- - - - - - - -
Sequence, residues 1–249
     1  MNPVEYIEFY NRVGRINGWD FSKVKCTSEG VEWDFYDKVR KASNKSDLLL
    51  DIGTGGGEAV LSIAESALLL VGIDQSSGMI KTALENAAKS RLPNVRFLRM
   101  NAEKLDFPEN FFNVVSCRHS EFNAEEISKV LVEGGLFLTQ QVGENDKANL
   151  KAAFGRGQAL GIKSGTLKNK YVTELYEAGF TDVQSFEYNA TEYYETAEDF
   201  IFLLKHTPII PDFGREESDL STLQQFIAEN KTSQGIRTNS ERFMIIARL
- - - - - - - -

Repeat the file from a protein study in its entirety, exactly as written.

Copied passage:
Sequence, residues 1–249
     1  MNPVEYIEFY NRVGRINGWD FSKVKCTSEG VEWDFYDKVR KASNKSDLLL
    51  DIGTGGGEAV LSIAESALLL VGIDQSSGMI KTALENAAKS RLPNVRFLRM
   101  NAEKLDFPEN FFNVVSCRHS EFNAEEISKV LVEGGLFLTQ QVGENDKANL
   151  KAAFGRGQAL GIKSGTLKNK YVTELYEAGF TDVQSFEYNA TEYYETAEDF
   201  IFLLKHTPII PDFGREESDL STLQQFIAEN KTSQGIRTNS ERFMIIARL